Slurs against the national anthem don’t square with reality

To the Editor,

Under the guise of the now popular American phrase “inclusion,” student leaders at a California high school in Ramona, California have banned our country’s National Anthem from being played at school events and rallies. An associated student body in the San Francisco Bay area has labeled the “Star-Spangled Banner” as racist, and blacklisted the song from being played at school events.

This is all because of the third verse of the National Anthem, which is rarely played and unknown to most people.  The line says “no refuge could save the hirelings and slaves from the terror of the flight or the gloom of the grave.”

Some have interpreted this to refer to slaves fighting with the British who offered them freedom in return. I’ve always interpreted the phrase to refer to the hirelings (paid civilian employees) and slaves who worked at Fort McHenry and had no weapons to defend themselves from the British soldiers who were told to give no quarter.

For that matter, there were a number of African Americans who served in the ranks of both the American Army and British Army as soldiers.  I think it might be worthwhile for students, and if not them, then their teachers, to look into Francis Scott Key’s history in the early 1800s.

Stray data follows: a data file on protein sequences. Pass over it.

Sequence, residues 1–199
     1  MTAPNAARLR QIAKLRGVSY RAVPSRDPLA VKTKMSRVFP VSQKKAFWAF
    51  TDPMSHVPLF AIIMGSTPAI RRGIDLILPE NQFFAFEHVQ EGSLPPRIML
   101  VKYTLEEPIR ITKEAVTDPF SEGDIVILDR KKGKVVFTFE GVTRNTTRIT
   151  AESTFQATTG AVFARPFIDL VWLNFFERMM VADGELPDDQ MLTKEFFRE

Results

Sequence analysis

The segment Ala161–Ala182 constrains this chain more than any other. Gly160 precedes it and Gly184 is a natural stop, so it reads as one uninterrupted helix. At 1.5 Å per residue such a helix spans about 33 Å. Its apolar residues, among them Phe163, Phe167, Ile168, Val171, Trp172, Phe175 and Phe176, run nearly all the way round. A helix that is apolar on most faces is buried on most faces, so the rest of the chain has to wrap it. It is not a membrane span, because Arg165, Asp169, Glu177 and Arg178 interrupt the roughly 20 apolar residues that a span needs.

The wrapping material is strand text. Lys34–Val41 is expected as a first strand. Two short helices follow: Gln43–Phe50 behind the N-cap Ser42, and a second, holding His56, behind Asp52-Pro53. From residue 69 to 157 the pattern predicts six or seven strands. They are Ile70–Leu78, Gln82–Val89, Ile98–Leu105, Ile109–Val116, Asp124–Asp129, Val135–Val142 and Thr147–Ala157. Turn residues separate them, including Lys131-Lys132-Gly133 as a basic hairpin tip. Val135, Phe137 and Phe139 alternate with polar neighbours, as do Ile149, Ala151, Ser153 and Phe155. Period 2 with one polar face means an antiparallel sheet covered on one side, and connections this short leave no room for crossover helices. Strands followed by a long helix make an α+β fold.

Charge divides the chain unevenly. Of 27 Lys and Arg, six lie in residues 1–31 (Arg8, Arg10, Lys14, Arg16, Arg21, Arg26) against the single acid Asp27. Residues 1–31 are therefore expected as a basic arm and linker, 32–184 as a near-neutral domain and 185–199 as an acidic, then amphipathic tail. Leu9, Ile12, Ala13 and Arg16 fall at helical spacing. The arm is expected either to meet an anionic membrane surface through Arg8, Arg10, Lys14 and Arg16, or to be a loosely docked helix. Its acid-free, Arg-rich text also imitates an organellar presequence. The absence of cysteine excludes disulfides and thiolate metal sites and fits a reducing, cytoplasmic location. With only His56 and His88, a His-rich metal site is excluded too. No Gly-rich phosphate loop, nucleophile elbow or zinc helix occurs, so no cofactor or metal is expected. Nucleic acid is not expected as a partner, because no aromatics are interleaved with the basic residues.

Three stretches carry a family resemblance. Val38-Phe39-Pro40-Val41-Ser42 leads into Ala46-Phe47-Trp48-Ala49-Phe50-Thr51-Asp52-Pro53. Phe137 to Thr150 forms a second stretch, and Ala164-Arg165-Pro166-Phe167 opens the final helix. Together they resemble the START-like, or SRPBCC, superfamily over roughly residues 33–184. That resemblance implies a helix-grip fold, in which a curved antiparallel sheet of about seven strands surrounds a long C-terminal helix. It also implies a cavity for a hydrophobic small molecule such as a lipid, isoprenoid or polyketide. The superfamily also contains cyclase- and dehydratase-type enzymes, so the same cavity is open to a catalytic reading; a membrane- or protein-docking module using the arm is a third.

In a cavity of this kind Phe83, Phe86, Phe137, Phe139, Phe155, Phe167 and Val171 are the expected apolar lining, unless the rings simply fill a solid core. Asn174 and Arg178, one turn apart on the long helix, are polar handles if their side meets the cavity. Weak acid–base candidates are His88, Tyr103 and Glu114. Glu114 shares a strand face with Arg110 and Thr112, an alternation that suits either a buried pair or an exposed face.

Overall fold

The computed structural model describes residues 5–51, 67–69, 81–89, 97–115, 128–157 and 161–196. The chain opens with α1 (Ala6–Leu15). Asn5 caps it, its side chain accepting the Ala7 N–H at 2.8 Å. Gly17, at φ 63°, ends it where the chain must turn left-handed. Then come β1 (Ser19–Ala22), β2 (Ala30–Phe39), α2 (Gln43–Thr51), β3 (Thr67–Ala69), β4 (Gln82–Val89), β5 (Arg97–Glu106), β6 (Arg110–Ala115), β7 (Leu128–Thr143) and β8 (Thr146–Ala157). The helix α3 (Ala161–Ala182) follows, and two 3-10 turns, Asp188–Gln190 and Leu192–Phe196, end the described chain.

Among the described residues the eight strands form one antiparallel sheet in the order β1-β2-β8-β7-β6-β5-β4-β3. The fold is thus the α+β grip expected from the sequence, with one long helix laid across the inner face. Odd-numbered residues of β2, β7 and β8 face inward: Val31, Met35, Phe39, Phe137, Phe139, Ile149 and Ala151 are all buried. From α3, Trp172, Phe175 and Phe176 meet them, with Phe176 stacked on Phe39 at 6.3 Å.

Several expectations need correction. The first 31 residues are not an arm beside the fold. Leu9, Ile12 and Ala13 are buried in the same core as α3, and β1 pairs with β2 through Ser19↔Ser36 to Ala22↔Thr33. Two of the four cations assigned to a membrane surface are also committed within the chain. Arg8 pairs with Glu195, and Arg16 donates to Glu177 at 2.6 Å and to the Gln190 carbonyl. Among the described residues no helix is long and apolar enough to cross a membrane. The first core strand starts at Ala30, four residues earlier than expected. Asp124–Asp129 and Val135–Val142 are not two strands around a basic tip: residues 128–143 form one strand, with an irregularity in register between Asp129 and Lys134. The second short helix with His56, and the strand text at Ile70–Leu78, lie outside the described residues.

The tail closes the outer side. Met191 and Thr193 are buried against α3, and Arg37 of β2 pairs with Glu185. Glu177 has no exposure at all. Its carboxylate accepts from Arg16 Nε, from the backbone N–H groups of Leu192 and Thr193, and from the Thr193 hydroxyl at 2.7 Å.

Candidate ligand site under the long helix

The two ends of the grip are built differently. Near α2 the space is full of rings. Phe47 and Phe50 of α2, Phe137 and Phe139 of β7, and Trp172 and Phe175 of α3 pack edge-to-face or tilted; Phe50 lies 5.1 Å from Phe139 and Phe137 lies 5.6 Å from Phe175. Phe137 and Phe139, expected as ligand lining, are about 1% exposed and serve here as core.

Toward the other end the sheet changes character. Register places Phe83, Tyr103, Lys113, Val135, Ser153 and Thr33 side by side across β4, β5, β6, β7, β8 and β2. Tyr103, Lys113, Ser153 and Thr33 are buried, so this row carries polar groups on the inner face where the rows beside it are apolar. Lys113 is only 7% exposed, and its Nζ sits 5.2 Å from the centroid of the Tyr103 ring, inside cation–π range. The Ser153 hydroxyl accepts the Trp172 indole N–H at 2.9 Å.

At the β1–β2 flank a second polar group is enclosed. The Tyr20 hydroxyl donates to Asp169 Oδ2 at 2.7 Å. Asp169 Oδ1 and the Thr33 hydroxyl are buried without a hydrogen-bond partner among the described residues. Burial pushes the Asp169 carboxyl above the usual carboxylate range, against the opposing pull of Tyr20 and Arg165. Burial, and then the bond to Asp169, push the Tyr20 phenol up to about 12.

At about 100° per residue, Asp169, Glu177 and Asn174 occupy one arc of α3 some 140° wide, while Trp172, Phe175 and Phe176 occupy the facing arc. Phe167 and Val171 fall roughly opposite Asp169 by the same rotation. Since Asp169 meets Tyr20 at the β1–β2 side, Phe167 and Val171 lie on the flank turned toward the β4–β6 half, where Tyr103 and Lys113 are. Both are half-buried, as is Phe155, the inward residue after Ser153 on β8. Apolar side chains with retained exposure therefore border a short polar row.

He owned seven slaves that he freed – one, named Clem Johnson, stayed with him as a paid employee.  This was decades before the Emancipation Proclamation.  In 1820 a U.S. revenue cutter captured the slave ship Antelope off the coast of Florida with nearly 300 African slaves.

Francis Scott Key was the defense attorney for these African slaves – and this was at his own expense – engaging in what turned out to be a five-year battle, finally arguing the case before the Supreme Court in 1825.   He went on about the unthinkable conditions in which the slaves were held.  It was an affront to the law, as well as laws of nature.  He looked the six Justices in the face, four of them were slave-owners, and announced that by law of nature, all men were free.

Further, if the United States had captured a ship full of white captives, Key asked, “Would not our Courts assume them to be free?  How could it be any different simply because the captives were black?”

Considered one of the most shameful decisions of the Supreme Court, they sadly denied the case stating that slaves were property. Only a portion of the slaves was returned to Africa where they formed the colony of New Georgia in Liberia.  Key himself raised $11,000 in support of that effort – that in today’s money would be $222,000.

Later, in 1841, two years before his death, Francis Scott Key helped John Quincy Adams free 53 African slaves in the slave ship Amistad case.

We should judge a man by the content of his character, as Dr. Martin Luther King advised, not the interpretation of an ambiguous lyric in a song.


Jerry Donnellan 

Retired former  director of the Veterans Service Agency of Rockland

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